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Microsoft, BMW Unveil Open Manufacturing Platform

We have been relying on the cloud since 2016 and are consistently developing new approaches

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FILE - Microsoft Corp. signage is seen outside the Microsoft Visitor Center in Redmond, Washington, July 3, 2014. VOA

In a bid to drive open industrial IoT development and build future Industry 4.0 solutions, Microsoft and the BMW Group have announced a new Open Manufacturing Platform.

The initiative is expected to support the development of smart factory solutions that will be shared by participants across the automotive and broader manufacturing sectors.

Built on the Microsoft Azure industrial Internet of Things (IoT) cloud platform, the initiative would provide community members with a reference architecture with open source components based on open industrial standards and an open data model.

“Microsoft is joining forces with the BMW Group to transform digital production efficiency across the industry,” Scott Guthrie, Executive Vice President, Microsoft Cloud + AI Group, said in a statement late on Tuesday.

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A man walks past a Microsoft sign set up for the Microsoft BUILD conference at Moscone Center in San Francisco, April 28, 2015. VOA

With currently over 3,000 machines, robots and autonomous transport systems connected with the BMW Group IoT platform, which is built on Microsoft Azure’s cloud, IoT and Artificial intelligence (AI) capabilities, the BMW Group plans to contribute relevant initial use cases to the community.

“We have been relying on the cloud since 2016 and are consistently developing new approaches.

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“With the Open Manufacturing Platform as the next step, we want to jointly leverage potential in order to secure our strong position in the market in the long term,” said Oliver Zipse, member of the Board of Management of BMW AG, Production. (IANS)

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Microsoft Rejects Request to Install Facial Recognition Technology in Officers’ Cars and Body Cameras

AI has more cases of mistaken identity with women and minorities, multiple research projects have found

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FILE - Brad Smith of Microsoft takes part in a panel discussion "Cyber, big data and new technologies. Current Internet Governance Challenges: What's Next?" at the United Nations in Geneva, Nov. 9, 2017. VOA

Microsoft recently rejected a California law enforcement agency’s request to install facial recognition technology in officers’ cars and body cameras because of human rights concerns, company President Brad Smith said Tuesday.

Microsoft concluded it would lead to innocent women and minorities being disproportionately held for questioning because the artificial intelligence has been trained on mostly white, male pictures.

AI has more cases of mistaken identity with women and minorities, multiple research projects have found.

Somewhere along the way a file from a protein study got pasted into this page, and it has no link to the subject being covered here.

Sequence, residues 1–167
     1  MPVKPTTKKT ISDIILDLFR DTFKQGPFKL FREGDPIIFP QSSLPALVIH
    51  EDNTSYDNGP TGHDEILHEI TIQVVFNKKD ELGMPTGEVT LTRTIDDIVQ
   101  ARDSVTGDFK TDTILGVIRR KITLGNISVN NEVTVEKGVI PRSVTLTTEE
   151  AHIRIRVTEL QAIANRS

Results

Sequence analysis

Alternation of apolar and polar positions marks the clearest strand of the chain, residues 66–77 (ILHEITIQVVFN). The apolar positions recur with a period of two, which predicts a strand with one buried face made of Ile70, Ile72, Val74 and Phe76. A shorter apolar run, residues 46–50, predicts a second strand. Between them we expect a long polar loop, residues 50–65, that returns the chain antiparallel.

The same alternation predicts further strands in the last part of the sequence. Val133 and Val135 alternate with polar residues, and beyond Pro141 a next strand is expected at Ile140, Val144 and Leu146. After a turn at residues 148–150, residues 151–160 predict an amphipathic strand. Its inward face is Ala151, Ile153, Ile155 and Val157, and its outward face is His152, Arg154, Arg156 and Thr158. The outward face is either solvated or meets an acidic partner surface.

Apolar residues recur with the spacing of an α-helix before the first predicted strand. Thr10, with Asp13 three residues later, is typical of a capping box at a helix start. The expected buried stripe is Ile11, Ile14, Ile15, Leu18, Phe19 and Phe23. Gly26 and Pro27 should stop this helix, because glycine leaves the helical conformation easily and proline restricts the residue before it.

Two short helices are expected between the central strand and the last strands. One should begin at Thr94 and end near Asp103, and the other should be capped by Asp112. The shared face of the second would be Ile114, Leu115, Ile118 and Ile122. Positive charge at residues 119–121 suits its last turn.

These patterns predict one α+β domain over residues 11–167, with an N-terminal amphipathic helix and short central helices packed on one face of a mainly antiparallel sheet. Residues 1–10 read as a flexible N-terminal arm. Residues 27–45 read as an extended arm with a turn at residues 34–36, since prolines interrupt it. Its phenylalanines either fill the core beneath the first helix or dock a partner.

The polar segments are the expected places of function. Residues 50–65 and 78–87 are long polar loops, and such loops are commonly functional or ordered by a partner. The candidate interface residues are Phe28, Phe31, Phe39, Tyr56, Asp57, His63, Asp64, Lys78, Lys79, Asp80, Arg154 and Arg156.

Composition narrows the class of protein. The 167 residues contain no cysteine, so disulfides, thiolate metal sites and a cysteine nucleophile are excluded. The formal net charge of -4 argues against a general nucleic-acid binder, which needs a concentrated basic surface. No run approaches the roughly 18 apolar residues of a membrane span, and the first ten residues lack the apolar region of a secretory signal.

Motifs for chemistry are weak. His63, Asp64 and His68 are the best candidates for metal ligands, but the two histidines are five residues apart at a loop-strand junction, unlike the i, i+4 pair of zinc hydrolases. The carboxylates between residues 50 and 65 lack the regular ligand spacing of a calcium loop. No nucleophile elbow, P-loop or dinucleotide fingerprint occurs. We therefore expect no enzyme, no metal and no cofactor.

“Anytime they pulled anyone over, they wanted to run a face scan” against a database of suspects, Smith said without naming the agency. After thinking through the uneven impact, “we said this technology is not your answer.”

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Microsoft concluded it would lead to innocent women and minorities being disproportionately held for questioning because the artificial intelligence has been trained on mostly white, male pictures. Pixabay

Prison contract accepted

Speaking at a Stanford University conference on “human-centered artificial intelligence,” Smith said Microsoft had also declined a deal to install facial recognition on cameras blanketing the capital city of an unnamed country that the nonprofit Freedom House had deemed not free. Smith said it would have suppressed freedom of assembly there.

On the other hand, Microsoft did agree to provide the technology to an American prison, after the company concluded that the environment would be limited and that it would improve safety inside the unnamed institution.

Smith explained the decisions as part of a commitment to human rights that he said was increasingly critical as rapid technological advances empower governments to conduct blanket surveillance, deploy autonomous weapons and take other steps that might prove impossible to reverse.

‘Race to the bottom’

Microsoft said in December it would be open about shortcomings in its facial recognition and asked customers to be transparent about how they intended to use it, while stopping short of ruling out sales to police.

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“Anytime they pulled anyone over, they wanted to run a face scan” against a database of suspects, Smith said without naming the agency. Pixabay

Smith has called for greater regulation of facial recognition and other uses of artificial intelligence, and he warned Tuesday that without that, companies amassing the most data might win the race to develop the best AI in a “race to the bottom.”

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He shared the stage with the United Nations High Commissioner for Human Rights, Michelle Bachelet, who urged tech companies to refrain from building new tools without weighing their impact.

“Please embody the human rights approach when you are developing technology,” said Bachelet, a former president of Chile. Microsoft spokesman Frank Shaw declined to name the prospective customers the company turned down. (VOA)